The genealogies of women in the Hebrew text showing the matriarchal bloodlines.
I will trace the promise of the woman’s seed, the promised One, Israel’s Messiah, through the genealogies of women showing the matriarchal bloodlines of the women in the Hebrew text.
My proposition stems from a literal understanding of the creation account and that the biblical characters are actual persons belonging to Israel’s history. In some instances, I show that they are also allegorical acting as symbols of spiritual concepts to inform and develop our understanding.
Jewish and Christian interpretations of this account vary. From both perspectives, some believe that the early chapters of Genesis are literal others that it is an allegory, a myth telling a powerful story. Interestingly, a literal interpretation of creation among classic rabbinic commentators is as uncommon as it is common among Christian believers. Either way, how this text is interpreted is significant, especially for women.
It is my intention to demonstrate that the patriarchal interpretation imposed on the Hebrew scriptures by both Jewish and Christian translators and those who comment upon them, has marred the image of Christ and his relationship with his bride (the Church).
To do this I take the promise made in regard to the ‘seed’ of the woman, given in the words God spoke to the serpent.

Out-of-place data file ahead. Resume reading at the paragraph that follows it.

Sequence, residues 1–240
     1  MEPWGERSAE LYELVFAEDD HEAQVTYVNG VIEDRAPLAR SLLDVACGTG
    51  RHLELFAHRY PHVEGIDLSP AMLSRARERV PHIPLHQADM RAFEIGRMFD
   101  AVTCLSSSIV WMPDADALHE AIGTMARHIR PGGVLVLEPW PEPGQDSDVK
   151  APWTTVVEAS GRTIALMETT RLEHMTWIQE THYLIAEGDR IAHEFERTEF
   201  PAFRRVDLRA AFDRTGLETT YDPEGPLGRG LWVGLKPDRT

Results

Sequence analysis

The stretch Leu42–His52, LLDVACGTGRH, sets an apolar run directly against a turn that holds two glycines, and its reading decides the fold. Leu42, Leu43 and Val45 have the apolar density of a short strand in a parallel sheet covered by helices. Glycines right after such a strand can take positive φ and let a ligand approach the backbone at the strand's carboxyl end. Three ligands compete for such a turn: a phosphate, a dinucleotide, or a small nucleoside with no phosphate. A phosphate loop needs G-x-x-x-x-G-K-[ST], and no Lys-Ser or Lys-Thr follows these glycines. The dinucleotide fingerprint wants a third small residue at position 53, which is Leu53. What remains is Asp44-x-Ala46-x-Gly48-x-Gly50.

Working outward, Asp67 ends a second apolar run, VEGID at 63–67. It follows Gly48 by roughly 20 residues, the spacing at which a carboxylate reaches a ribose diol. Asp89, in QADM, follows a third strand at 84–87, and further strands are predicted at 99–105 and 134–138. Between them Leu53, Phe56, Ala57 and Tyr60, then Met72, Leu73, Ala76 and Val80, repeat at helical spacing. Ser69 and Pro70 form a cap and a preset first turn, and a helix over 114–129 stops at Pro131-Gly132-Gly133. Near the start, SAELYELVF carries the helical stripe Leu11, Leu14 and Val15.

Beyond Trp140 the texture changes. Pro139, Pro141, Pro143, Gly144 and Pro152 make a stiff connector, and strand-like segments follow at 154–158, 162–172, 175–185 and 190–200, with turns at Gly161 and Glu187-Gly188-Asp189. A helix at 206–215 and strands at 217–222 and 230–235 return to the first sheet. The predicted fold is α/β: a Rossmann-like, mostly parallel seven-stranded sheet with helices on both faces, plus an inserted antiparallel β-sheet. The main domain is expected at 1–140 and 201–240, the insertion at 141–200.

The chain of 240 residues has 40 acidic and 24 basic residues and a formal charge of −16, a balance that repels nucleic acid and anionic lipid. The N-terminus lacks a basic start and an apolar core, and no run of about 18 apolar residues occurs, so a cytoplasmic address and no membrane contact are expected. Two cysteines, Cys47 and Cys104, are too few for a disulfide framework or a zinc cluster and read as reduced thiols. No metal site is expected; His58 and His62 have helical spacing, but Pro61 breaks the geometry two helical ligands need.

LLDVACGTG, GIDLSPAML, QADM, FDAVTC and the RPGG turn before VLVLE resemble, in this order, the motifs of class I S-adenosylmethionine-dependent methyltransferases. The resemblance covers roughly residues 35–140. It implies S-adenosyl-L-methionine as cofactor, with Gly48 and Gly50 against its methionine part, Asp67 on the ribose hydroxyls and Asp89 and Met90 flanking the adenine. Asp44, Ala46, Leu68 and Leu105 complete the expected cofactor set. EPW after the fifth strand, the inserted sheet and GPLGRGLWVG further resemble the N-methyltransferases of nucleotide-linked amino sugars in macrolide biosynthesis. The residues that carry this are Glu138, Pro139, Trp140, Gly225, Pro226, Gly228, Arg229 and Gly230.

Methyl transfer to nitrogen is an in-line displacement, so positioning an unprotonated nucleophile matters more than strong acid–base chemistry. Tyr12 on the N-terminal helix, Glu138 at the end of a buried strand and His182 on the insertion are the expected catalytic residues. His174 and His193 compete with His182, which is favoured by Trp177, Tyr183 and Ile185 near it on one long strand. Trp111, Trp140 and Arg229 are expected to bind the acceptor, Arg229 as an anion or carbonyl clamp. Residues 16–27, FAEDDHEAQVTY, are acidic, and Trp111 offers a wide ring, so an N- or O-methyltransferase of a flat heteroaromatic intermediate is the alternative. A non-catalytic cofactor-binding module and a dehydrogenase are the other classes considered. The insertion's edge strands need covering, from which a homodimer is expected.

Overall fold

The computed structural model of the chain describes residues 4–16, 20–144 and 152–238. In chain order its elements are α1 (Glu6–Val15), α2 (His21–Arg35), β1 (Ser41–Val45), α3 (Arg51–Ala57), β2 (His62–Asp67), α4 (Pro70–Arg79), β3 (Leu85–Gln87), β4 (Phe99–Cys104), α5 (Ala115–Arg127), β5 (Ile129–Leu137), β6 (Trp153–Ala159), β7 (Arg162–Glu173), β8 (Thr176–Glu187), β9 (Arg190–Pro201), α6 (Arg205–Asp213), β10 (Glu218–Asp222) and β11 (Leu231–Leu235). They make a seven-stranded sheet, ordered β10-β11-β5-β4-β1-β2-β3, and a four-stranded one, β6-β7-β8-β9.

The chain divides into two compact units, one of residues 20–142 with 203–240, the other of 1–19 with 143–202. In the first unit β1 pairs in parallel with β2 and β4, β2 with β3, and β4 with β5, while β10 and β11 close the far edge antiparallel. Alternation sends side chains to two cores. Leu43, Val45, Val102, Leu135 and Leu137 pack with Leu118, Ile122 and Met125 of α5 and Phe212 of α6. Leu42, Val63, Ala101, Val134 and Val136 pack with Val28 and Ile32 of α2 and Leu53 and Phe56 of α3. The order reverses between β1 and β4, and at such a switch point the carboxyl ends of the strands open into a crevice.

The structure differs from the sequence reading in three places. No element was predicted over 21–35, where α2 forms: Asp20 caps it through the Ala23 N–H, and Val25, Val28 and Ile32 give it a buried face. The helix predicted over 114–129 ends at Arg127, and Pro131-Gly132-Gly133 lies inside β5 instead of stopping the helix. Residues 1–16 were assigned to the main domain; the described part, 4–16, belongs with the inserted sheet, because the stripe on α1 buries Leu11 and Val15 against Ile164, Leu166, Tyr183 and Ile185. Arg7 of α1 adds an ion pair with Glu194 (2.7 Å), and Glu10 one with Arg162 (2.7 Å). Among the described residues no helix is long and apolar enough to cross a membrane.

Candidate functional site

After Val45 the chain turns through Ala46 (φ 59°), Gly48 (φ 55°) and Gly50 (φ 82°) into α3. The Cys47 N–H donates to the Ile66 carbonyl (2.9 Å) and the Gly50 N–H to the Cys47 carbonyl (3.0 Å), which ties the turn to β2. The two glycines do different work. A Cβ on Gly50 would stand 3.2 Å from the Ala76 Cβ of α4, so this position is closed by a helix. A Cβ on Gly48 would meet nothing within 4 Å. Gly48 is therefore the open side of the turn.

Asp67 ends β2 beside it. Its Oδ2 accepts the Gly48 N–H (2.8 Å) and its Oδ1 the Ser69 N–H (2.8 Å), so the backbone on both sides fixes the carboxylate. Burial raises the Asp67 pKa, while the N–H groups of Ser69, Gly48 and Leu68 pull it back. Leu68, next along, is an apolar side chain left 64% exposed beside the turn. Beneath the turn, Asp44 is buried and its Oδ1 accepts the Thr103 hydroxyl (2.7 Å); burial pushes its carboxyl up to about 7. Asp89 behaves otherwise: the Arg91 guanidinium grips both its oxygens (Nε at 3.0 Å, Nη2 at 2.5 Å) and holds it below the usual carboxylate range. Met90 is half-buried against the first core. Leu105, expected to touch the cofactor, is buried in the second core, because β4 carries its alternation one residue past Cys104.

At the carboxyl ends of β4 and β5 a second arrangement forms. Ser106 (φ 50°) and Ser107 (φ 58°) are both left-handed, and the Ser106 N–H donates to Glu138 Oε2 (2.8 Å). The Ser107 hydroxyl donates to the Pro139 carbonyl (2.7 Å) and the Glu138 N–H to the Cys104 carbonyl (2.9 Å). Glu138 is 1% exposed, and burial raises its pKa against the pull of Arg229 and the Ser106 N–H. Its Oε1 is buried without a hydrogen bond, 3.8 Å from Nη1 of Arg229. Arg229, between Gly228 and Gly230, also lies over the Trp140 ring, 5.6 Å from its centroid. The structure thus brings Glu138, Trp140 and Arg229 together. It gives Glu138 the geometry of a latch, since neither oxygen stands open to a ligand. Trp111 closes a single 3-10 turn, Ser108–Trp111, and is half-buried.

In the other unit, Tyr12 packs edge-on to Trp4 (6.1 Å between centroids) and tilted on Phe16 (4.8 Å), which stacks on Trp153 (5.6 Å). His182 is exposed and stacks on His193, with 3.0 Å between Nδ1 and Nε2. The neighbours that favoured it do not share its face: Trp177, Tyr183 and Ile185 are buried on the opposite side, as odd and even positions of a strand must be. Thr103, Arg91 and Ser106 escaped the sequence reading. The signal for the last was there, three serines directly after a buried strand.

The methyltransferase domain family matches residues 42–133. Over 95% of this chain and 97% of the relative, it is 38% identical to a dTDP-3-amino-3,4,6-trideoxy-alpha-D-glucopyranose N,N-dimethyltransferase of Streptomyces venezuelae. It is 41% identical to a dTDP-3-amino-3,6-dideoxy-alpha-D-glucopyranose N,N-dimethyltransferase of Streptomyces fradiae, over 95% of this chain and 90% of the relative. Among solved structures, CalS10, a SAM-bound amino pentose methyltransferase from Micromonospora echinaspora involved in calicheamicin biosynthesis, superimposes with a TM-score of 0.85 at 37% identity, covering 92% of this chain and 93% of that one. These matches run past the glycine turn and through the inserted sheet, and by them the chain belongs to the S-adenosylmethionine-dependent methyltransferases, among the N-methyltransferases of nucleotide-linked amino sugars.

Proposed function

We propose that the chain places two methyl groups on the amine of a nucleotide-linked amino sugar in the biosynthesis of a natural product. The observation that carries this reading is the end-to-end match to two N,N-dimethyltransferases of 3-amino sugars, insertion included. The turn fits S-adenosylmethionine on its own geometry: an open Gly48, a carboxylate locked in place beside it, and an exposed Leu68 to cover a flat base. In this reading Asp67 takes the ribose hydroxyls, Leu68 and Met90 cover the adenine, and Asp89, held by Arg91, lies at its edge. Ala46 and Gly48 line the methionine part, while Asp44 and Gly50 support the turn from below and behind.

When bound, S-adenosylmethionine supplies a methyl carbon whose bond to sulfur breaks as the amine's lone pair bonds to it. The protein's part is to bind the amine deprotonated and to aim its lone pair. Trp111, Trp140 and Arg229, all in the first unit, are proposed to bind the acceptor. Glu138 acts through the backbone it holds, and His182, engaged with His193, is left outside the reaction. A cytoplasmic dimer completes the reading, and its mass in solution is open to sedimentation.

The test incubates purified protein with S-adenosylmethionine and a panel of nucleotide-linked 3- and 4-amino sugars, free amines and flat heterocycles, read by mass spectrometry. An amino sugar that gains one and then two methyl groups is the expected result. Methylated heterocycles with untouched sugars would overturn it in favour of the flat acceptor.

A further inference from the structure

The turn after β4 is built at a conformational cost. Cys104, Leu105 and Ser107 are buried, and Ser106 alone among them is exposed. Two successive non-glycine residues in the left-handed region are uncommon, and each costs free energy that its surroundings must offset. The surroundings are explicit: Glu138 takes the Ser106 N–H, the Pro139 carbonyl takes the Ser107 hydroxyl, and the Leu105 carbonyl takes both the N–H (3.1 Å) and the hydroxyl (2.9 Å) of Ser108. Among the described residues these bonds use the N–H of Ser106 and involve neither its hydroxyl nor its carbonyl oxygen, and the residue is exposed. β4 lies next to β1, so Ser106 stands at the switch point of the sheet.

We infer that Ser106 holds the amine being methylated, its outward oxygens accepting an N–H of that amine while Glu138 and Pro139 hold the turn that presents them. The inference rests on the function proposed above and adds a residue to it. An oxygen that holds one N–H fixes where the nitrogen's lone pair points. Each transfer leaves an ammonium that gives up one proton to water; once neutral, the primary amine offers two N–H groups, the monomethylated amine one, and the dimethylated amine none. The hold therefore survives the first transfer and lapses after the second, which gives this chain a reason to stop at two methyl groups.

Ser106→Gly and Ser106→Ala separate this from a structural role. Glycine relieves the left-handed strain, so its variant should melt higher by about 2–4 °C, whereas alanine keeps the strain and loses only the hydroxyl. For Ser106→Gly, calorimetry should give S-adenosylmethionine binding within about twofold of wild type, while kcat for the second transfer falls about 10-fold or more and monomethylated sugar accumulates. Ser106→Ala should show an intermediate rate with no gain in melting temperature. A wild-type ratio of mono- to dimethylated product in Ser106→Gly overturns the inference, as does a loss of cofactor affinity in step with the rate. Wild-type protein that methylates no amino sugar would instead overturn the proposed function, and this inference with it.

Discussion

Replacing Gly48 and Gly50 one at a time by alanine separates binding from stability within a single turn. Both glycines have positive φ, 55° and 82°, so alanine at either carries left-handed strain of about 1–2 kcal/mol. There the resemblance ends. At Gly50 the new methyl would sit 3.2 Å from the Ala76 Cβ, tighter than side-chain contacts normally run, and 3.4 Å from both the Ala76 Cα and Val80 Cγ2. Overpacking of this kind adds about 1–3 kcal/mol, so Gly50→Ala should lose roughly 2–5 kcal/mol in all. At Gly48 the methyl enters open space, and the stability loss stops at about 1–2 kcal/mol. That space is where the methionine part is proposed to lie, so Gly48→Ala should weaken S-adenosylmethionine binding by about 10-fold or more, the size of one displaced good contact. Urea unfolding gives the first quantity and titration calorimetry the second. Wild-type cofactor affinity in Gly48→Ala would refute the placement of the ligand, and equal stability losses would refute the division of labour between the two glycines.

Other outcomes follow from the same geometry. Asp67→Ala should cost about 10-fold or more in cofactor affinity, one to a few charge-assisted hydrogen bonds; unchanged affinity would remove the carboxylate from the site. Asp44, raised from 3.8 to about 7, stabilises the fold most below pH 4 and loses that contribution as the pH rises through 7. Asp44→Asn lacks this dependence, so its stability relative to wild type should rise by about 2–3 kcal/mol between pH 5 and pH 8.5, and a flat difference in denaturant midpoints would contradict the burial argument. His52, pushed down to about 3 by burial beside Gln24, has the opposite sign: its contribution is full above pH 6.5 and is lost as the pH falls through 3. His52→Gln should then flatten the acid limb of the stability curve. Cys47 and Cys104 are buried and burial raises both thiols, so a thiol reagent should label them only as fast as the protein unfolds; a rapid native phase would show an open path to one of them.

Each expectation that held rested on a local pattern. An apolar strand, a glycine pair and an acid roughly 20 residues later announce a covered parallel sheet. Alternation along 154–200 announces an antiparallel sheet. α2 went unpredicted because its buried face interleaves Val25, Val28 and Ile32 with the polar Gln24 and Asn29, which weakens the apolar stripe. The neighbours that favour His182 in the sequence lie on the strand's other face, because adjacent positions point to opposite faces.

“And I will put enmity between you and the woman, and between your offspring (seed) and hers; he will crush your head, and you will strike his heel.” Genesis 3. 14-15
This woman’s seed is the promised One, Israel’s Messiah. I will trace this promise through the genealogies of women showing the matriarchal bloodlines of the women in the Hebrew text. This bloodline starts with Eve and ends with Mary.
I suggest this continuity supports and is evidence of, the practice of endogamous marriage (the practice of marrying within a specific social group, caste, or ethnic group, rejecting those from others as unsuitable for marriage or other close personal relationships. Endogamy is common in many cultures and ethnic groups.) Endogamy is the social norm prescribed in Genesis 2: 24: ‘For this reason, a man shall leave his father and his mother and be joined to his wife; and they shall become one flesh’.
Such marriage relies on female kinship and their knowledge of their children. History shows that women-owned land and lived in matriarchal households, albeit originally in tents. As the land was settled, regions, cities, and towns in early Canaan history are named after the women of Israel as the rightful owners.
Those faithful women knew about the prophecy that from the seed of a woman the Messiah would come. This prophetic word would have been passed on by oral tradition to each generation. Each woman’s menstruation was a continual reminder both physically and spiritually that through one of them the promised Messiah would come.
Women were not without standing in the community of Israel and it was in their interest to build up their matriarchal house. It was a joyous event when a daughter was born. Not only was she a descendant of her mother, but the thought was always there that this girl may be the one to find favour with the Lord and to give birth to the Messiah.